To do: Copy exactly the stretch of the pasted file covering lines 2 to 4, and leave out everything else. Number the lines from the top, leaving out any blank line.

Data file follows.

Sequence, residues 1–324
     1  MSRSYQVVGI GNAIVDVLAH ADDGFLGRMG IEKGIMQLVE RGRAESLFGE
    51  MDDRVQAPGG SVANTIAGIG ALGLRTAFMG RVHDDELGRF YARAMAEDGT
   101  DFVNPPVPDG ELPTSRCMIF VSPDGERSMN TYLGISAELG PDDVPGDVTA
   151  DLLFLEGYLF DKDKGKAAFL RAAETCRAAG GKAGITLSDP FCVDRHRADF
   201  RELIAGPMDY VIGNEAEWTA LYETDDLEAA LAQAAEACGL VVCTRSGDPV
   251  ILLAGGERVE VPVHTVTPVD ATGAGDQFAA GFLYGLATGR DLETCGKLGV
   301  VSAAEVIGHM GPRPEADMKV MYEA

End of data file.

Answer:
     1  MSRSYQVVGI GNAIVDVLAH ADDGFLGRMG IEKGIMQLVE RGRAESLFGE
    51  MDDRVQAPGG SVANTIAGIG ALGLRTAFMG RVHDDELGRF YARAMAEDGT
   101  DFVNPPVPDG ELPTSRCMIF VSPDGERSMN TYLGISAELG PDDVPGDVTA